Pastor's Corner 031713

posted Mar 13, 2013, 10:41 AM by Music Director

Lent is drawing to a close.  How has the journey been for you this year?  Today we embark on the holiest week of the Christian year, which is why it is called “Holy Week.” I’d like to take a closer look at the rich and beautiful celebrations of this glorious week, but with limited space I’ll do this over two weeks.  This week, let’s take a look at the first part of Holy Week.

On Passion (“Palm”) Sunday, we recall Jesus’ triumphal entry into the holy city of Jerusalem.  We join the throngs of its citizens waving palm branches in the ancient Semitic gesture of welcome for a hero.  We shout “Hosanna,” the Hebrew greeting (“Pray, save us”) for one who is a savior.  But in the Gospel, we remember how quickly those cries of joy turned to shouts of accusation and demand for Jesus’ crucifixion.  This is why the official name of this day isn’t “Palm Sunday” but “Passion Sunday.”  Since it isn’t possible for many people to attend the Good Friday service, the Church proclaims the passion of Christ on the last Sunday of Lent, the Sunday before Easter. 

In the days of the Tridentine (Latin) Mass prior to the Second Vatican Council, there actually were two Passion Sundays.  What we today call the Fifth Sunday of Lent was called the “First Sunday of the Lord’s Passion” or simply “Passion Sunday.”  The Gospel assigned that day was taken from John 8:46-59, in which Jesus assails the Scribes and Pharisees in the Temple courtyard.  They take up rocks to stone Him, but Jesus flees and “hid Himself.”  Statues and crucifixes were covered in imitation of Jesus’ hiding, and remained covered until the Easter Vigil.  Many churches continue to observe this custom.  Others follow the contemporary rubric of covering them after the Mass of the Lord’s Supper on Holy Thursday.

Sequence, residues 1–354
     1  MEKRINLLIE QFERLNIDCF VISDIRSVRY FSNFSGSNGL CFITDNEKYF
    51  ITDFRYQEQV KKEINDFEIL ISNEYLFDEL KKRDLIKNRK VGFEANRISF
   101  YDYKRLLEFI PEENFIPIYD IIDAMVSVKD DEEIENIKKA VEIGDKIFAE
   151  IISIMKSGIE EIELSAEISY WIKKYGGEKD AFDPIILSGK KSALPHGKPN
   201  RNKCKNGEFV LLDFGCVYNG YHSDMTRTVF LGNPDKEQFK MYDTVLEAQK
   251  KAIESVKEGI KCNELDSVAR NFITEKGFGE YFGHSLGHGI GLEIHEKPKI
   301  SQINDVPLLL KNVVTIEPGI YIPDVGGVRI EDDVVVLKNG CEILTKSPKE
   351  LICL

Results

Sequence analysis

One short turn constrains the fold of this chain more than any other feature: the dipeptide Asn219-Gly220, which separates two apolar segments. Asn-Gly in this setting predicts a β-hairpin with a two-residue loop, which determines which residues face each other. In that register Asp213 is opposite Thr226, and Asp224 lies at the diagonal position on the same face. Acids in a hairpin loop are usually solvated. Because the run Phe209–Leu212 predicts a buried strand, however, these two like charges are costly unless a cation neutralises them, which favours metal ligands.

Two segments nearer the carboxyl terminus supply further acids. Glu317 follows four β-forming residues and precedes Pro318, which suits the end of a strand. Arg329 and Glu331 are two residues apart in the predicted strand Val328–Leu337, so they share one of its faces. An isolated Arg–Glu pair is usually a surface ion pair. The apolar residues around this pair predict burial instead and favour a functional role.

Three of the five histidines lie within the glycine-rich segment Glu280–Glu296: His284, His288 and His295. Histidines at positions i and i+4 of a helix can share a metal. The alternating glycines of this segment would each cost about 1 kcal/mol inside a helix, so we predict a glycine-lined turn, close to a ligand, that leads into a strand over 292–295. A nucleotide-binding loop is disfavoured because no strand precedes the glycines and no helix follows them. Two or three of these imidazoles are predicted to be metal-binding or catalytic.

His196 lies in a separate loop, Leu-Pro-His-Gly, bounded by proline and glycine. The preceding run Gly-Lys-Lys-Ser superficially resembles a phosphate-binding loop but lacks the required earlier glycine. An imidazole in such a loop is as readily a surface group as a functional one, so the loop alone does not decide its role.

Each year on the Tuesday of Holy Week, our diocese celebrates the Chrism Mass, where the clergy renew their commitment to the people of God in the sacrament of Holy Orders; and the holy oils are blessed by the Bishop and are distributed to the faithful to bring home to their parishes. These oils are used to prepare those to be baptized (Oil of Catechumens); in Baptism itself, in Confirmation, the consecration of new church buildings and altars, and the Ordination of priests and bishops (Sacred Chrism); and to bless and strengthen the sick and the dying (Oil of the Sick).  “Chrism” comes from the Greek “Christos” which means “the anointed.”  It is why we call Jesus, “the Christ,” as He was anointed (i.e. chosen by God) to bring salvation to the world.

Next week, we’ll look at the second half of Holy Week, the sacred Triduum and Easter.  Hopefully by then, white smoke will have appeared over the Sistine Chapel and the joyful proclamation, “Habemus papam!” (“We have a Pope!”) will have rung out over St. Peter’s Square!  God bless you!


In His Love,

Fr. Mike